Snake River Lodge and Spa, one of ten properties in the RockResorts group, has the most luxurious spa, Avaynu, in the village. With 17,000 square feet it can almost compete with some stand-alone health facilities. Adjacent to the building are a heated indoor/outdoor pool and free-form hot tubs surrounded by cascading waterfalls. The vichy shower with seven heads is a popular treatment.
A very fine dining room on the premises, GameFish, specializes, of course, in game and fish. Nightly choices include buffalo, elk, pheasant, smoked trout and fresh fish.
On our way to the town of Jackson
we stopped for breakfast at Amangani, the only Aman resort in the United
States. If you are familiar with the chain you know that they are super-opulent
and host a spare number of guests. The Paris-based architect, Ed Tuttle, who
has designed many of the outposts, has an unmistakable style. He uses native
materials and draws from the designs in the regions where he builds. The signature
Aman look is one of sprawling spaces. The bath and dressing rooms in the accommodations
are the same size as the sleeping areas.
|Hidden Falls (Credit: Edwin C. Fancher)
Jackson, population 5,000, is a touristy
"wild west" town with wooden sidewalks on the streets that surround the square.
Shopping is the main activity here. Native American arts and jewelry are heavily
featured as are galleries displaying paintings, drawings and water colors of
cowboys and landscapes. Cowboy hats, boots and belts are big sellers, too. At
the Million Dollar Cowboy Bar the wait for bison burgers or hamburgers
is a long one, but well worth it to sit in one of the saddles that are used
as bar stools. www.milliondollarcowboybar.com
Rusty Parrot Lodge, walking distance from the square, is decorated in cowboy-style with Native American rugs and one-of-a-kind handcrafted furniture. Each of the 31 rooms has a stone fireplace. The Body Sage on-site spa offers about 20 different treatments. The Wild Sage Restaurant like all the other places we ate at during out visit fed us very well. It is exciting to watch the chefs cook in the open kitchen, particularly when they prepare the dishes you ordered. Service in this lovely establishment is exemplary. No wonder they received a Triple A 4-Diamond rating, appeared on "Conde Nast Traveler" 2003 Gold List and were cited by "Ski" magazine as one of the "Ten Best Small Hotels."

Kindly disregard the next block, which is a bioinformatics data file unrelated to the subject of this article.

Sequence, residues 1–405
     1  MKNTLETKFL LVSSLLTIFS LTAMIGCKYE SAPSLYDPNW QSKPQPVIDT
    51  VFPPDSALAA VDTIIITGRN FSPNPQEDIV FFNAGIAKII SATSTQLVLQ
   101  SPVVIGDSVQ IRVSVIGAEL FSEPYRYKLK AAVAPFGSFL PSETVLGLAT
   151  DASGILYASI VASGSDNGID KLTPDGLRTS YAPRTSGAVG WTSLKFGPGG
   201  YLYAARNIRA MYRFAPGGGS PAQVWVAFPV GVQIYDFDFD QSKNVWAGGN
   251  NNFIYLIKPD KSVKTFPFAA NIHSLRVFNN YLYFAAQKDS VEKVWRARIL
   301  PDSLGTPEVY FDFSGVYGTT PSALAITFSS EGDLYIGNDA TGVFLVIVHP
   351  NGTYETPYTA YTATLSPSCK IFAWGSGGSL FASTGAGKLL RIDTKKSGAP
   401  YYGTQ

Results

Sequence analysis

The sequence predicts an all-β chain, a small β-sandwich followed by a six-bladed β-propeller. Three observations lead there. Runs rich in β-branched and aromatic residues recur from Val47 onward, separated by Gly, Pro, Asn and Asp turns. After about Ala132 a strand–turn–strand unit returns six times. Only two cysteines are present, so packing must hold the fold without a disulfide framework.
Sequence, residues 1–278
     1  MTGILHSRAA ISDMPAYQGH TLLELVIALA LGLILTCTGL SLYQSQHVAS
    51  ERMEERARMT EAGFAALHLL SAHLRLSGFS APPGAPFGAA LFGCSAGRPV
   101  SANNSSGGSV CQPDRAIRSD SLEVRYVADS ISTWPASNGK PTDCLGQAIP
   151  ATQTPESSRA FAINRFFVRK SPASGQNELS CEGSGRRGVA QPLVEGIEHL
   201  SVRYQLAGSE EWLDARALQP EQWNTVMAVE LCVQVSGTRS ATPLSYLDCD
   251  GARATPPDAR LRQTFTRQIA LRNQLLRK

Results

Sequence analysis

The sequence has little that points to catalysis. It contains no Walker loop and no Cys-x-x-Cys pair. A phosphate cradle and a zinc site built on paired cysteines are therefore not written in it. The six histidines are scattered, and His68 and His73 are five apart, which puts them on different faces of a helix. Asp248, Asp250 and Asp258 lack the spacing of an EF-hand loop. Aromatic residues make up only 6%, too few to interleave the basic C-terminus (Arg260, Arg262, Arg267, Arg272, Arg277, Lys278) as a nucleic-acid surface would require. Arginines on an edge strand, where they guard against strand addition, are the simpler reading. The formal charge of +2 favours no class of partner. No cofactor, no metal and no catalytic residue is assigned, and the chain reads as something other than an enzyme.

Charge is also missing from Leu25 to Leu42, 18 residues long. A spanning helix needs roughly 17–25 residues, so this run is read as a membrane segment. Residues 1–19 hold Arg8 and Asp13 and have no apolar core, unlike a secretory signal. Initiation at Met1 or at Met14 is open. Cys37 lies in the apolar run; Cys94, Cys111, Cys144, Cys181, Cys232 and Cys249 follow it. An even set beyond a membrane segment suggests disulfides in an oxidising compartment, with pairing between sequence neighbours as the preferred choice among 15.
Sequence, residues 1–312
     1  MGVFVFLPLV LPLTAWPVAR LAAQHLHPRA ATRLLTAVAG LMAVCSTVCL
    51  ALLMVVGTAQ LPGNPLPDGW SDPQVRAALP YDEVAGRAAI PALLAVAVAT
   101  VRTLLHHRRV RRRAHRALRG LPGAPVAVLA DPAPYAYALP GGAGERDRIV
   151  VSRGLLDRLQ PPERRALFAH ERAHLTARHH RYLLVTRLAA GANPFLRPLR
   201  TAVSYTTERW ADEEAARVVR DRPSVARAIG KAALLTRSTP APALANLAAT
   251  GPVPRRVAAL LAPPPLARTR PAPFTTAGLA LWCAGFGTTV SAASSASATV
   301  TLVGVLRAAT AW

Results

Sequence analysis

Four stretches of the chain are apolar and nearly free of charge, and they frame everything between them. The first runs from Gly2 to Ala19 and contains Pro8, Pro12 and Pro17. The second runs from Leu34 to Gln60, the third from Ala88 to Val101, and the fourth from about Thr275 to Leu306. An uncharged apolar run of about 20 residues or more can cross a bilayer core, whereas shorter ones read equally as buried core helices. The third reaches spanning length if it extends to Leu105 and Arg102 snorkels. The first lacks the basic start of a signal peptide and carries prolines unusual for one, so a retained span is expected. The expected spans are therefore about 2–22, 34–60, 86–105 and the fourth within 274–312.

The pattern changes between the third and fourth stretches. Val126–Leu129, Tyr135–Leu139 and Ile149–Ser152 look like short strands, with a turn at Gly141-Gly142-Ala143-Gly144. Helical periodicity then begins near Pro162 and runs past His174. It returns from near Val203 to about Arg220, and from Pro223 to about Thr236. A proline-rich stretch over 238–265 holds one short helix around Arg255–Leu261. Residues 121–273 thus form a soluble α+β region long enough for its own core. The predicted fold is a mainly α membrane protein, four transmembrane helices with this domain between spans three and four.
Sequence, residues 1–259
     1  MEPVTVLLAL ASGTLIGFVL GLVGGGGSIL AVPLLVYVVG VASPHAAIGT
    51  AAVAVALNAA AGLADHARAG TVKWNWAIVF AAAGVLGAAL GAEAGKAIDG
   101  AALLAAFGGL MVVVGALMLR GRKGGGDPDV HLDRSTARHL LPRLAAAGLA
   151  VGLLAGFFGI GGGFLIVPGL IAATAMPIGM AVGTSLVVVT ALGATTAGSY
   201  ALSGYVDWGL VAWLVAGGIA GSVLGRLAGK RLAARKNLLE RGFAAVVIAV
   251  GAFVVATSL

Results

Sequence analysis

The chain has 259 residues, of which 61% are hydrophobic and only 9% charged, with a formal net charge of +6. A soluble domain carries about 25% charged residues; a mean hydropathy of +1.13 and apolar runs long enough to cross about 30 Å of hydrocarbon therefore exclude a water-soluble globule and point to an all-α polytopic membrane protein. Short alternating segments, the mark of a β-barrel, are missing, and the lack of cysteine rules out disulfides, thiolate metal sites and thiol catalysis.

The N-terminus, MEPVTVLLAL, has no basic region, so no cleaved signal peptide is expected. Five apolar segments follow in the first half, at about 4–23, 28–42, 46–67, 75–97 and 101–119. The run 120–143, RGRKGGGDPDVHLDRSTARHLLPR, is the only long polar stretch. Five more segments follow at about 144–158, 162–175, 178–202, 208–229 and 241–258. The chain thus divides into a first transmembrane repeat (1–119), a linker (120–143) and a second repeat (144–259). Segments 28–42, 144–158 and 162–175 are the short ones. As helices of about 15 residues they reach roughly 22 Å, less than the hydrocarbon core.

Moose Visitor Center at an
entrance to Grand Teton National
Park is just a few miles from Teton Village. After a short
drive into the park you arrive at Jenny
Lake Visitor Center, a trail head and boat dock for a small
shuttle boat that carries visitors across Jenny Lake to Inspiration
Point. From here, depending on your determination and will,
you can hike for miles on mountainous or relatively flat terrain.
Our group took an easy half-mile walk on the trail leading to a
stream into which the water of Hidden
Falls flows hundreds of feet. Like all national parks wild
life is abundant here. We sighted two moose cooling themselves in
a pond a stone's throw from the road. www.grand.teton.national-park.com
Amangani, 1535 North East Butte Road, Jackson Hole, WY 83001. Tel. 307-734-7333, fax 1-307-734-7332. Forty accommodations range from $700-1100. www.amangani.com
The Rusty Parrot Lodge and Spa, 175 N. Jackson St., Jackson, WY 83001. Tel. 307-733-2000, fax 1-307-733-5566. Thirty-one rooms, $145-500. www.rustyparrot.com
Snake River Lodge and Spa, 7710 Granite Loop Road, Teton Village, WY 83025. Tel. 307-732-6000, fax 307-732-6009. Eighty-eight rooms, 40 luxury suites, $300-1500. www.snakeriverlodge.rockresorts.com
Spring Creek Ranch, Box 4780 Jackson, 1800 Spirit Dance Road, Jackson, WY 83001. Tel. 307-733-8833, fax 307-733-1524. Thirty-six guest rooms, 25 studios, 26 suites, 31 condominiums, 8 luxury executive homes. $150-2000 depending on season. www.springcreekranch.com
Teton Mountain Lodge, 3385 West Village Drive, Teton Village,
WY 83025. Tel. 307-734-7111, fax 307-734-7999. Eighty condominium
suites, ranging from 465 to 2300 square feet. $165-650 depending
on season. www.tetonlodge.com